Leonardo DiCaprio Pledges To Protect The Iconic Gray Wolves In America

Leonardo DiCaprio Pledges To Protect The Iconic Gray Wolves In America

Gray wolves are at the top of the food chain and as predators, wolves play a vital role in maintaining a healthy ecosystem.

The American Gray Wolves once called the whole of America their home and wandered throughout the country. Over the years, human activities such as trapping and hunting, development activities, and livestock brought their population down to near extinction. Now there are a few gray wolves that live in Alaska as well as Canada, Asia, and Europe. There have been repeated efforts to help gray wolves to improve their numbers in the wild. Just last month the Trump administration delisted the gray wolves from the Endangered Species Act protections. But the people of Colorado voted it back onto the list by a slim margin.



This renewed support for the wolves will go a long way in protecting them. Among the very few conservation groups that had dedicated their time to saving the gray wolf population was the Leonardo DiCaprio Foundation (LDF). The Oscar award-winning actor established this foundation for exactly such a purpose. Research points to the fact that gray wolves are at the top of the food chain and as predators, they play a vital role in maintaining a healthy ecosystem. The gray wolf is a keystone species. In an analogous explanation, it can be said that the arch of the ecosystem would fall into a jumble of nonfunctional rocks without the wolves at the top.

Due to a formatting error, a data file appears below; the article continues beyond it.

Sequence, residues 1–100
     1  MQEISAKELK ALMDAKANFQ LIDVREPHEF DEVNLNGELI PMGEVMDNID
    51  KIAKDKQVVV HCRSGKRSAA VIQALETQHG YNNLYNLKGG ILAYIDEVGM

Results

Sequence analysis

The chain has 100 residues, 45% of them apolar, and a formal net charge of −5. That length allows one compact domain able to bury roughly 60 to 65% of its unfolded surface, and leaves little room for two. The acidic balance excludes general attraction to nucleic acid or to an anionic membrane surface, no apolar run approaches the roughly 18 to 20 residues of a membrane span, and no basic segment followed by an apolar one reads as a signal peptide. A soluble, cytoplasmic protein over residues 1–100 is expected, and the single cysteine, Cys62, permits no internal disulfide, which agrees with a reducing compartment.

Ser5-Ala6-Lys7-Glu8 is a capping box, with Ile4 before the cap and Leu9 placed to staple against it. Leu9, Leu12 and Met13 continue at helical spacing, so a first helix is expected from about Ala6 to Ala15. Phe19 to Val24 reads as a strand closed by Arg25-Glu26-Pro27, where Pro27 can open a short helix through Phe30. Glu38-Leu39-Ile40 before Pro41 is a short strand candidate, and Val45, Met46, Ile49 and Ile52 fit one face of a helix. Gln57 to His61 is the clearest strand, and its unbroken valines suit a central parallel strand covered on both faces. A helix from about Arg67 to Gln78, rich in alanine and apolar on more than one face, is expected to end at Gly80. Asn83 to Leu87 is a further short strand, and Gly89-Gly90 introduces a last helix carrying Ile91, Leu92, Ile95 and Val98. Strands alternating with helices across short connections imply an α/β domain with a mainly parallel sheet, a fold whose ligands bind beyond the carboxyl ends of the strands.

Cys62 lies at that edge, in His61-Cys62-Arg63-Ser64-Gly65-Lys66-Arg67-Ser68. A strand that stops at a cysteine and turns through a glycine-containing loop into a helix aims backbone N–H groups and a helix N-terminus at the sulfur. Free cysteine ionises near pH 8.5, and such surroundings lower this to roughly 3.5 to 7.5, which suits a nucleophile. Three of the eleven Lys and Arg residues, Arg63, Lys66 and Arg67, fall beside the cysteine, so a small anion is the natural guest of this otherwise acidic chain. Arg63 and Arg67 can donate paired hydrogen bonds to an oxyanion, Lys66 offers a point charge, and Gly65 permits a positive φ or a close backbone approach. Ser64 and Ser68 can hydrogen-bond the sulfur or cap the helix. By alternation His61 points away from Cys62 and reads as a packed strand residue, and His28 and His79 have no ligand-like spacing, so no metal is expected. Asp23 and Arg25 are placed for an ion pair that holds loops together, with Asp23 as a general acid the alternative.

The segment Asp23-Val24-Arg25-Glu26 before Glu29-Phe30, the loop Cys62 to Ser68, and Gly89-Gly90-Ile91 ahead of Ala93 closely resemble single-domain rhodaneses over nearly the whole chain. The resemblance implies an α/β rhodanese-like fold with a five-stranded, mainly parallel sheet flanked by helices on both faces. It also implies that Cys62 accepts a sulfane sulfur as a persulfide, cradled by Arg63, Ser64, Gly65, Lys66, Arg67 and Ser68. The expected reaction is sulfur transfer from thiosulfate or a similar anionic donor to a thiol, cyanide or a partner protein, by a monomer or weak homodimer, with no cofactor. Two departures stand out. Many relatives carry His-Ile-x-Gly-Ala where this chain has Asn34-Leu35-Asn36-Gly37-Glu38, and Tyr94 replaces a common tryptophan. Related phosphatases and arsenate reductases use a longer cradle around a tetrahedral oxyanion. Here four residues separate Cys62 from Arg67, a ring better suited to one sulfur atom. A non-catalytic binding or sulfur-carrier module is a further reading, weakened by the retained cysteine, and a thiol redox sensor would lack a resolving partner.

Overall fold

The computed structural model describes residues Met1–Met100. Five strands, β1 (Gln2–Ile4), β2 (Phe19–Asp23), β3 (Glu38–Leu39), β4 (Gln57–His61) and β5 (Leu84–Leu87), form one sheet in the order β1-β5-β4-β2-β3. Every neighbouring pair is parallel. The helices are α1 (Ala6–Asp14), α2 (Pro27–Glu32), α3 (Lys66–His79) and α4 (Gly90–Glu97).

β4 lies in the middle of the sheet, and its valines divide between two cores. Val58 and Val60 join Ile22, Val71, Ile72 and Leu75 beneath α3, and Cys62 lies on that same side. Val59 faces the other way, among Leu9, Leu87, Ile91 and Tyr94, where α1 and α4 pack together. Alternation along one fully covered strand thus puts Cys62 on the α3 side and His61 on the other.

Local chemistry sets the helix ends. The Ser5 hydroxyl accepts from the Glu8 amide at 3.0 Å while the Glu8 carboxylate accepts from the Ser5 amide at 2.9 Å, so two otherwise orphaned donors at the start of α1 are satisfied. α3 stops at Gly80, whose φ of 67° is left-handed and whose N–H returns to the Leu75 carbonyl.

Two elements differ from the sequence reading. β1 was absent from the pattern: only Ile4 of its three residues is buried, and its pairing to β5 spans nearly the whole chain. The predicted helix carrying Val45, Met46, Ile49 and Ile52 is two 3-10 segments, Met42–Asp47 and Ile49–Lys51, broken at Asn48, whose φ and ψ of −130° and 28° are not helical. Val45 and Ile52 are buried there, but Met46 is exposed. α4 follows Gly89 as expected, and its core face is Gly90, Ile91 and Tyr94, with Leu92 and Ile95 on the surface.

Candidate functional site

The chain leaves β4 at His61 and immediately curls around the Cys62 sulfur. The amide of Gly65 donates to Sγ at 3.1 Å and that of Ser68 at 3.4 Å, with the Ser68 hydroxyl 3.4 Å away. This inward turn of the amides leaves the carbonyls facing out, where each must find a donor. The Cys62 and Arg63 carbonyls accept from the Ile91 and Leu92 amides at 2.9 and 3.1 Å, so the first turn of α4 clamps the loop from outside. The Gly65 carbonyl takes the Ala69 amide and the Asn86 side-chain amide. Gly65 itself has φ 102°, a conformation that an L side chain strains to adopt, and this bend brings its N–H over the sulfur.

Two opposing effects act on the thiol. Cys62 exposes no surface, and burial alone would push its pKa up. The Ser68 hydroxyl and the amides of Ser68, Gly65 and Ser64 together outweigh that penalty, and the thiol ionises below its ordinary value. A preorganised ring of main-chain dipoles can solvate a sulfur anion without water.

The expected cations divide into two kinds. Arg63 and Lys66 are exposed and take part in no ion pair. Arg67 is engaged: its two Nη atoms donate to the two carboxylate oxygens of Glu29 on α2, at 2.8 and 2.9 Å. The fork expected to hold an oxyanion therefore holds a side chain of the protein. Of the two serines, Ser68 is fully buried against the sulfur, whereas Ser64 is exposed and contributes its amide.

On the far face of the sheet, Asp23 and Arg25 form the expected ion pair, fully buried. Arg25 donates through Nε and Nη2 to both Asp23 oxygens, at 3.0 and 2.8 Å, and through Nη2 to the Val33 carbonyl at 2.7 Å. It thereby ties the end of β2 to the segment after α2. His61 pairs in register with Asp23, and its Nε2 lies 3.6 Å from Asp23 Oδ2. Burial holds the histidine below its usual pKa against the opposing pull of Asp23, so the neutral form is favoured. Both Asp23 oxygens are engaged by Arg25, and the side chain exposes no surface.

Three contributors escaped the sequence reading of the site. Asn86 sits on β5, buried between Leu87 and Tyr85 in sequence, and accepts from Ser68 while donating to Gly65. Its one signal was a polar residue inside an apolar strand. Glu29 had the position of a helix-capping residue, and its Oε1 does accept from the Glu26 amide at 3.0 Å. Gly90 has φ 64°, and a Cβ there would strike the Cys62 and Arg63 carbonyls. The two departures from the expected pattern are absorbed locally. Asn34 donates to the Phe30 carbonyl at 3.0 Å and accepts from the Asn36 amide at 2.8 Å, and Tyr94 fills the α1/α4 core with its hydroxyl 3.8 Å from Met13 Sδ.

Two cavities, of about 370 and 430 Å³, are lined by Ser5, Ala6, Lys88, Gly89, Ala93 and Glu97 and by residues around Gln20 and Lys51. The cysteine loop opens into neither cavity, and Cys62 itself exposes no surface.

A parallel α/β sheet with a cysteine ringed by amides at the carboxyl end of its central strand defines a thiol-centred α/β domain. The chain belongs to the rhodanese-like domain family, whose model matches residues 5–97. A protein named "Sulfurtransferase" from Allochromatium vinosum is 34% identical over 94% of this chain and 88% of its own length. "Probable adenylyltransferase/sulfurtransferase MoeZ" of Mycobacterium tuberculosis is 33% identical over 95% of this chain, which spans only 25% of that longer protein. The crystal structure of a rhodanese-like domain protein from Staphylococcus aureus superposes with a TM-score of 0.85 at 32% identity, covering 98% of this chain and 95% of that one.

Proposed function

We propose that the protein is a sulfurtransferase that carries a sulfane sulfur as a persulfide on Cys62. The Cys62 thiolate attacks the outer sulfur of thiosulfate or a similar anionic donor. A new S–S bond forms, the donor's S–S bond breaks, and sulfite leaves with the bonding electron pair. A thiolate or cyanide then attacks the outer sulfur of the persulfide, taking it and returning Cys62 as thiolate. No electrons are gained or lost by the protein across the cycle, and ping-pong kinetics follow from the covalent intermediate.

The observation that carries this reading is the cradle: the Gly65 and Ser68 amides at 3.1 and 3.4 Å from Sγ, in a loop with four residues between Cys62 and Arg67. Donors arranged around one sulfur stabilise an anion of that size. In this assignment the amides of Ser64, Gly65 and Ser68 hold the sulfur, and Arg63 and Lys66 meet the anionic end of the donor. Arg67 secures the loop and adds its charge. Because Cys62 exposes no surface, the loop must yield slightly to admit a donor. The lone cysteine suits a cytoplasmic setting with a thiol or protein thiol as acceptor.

In a statement, the foundation stated, "To help in the recovery of this iconic species LDF is supporting the work of Defenders of Wildlife and their effort to bring back the Mexican Gray wolf in New Mexico, Arizona, Utah, and Colorado. Over the past year because of their work with ranchers and other partners for the first time, the wild population reached a record 113 wolves, up from 97 during the previous year." The foundation also partnered with the Pacific Wolf Coalition, which is a group of organizations working to further wolf recovery in California, Oregon, and Washington for this purpose. 



Previous rewilding projects have proven to be effective in places like Yellowstone National Park. A research paper published in The Royal Society journal by Christopher Wolf and William J. Ripple stated that "the global-scale potential for carnivore rewilding projects to both conserve these species and provide critical ecological and social benefits." “We’re just uncovering these effects of large carnivores at the same time their populations are declining and are at risk,” Ripple, the co-author as well as an ecologist at Oregon State University told The New York Times and added, “Humans are just figuring out what the interconnectedness in nature is all about.”



An interrelation was found between gray wolves and climate stability. Because they establish functional ecosystems, there is more carbon storage. The wolves also increase biodiversity as observed in Yellowstone. In a report by LDF, it stated, "The return of wolves led to changes in elk behavior that allowed streamside willows and aspen to regenerate. This in turn allowed for the return of songbirds, beavers, fish, and frogs." With more wolves, hundreds of other species from grizzlies to insects to fungi as well as beavers thrive in the wild. 


"LDF shares a vision with our partners whereby wolves wander the landscapes where they once existed and in doing contribute to healthy and balanced ecosystems," the foundation stated. Additionally, the recent gray wolf project in Colorado will be led by The Colorado Parks and Wildlife Department and hopes to be able to reintroduce and manage gray wolves by the end of 2023.


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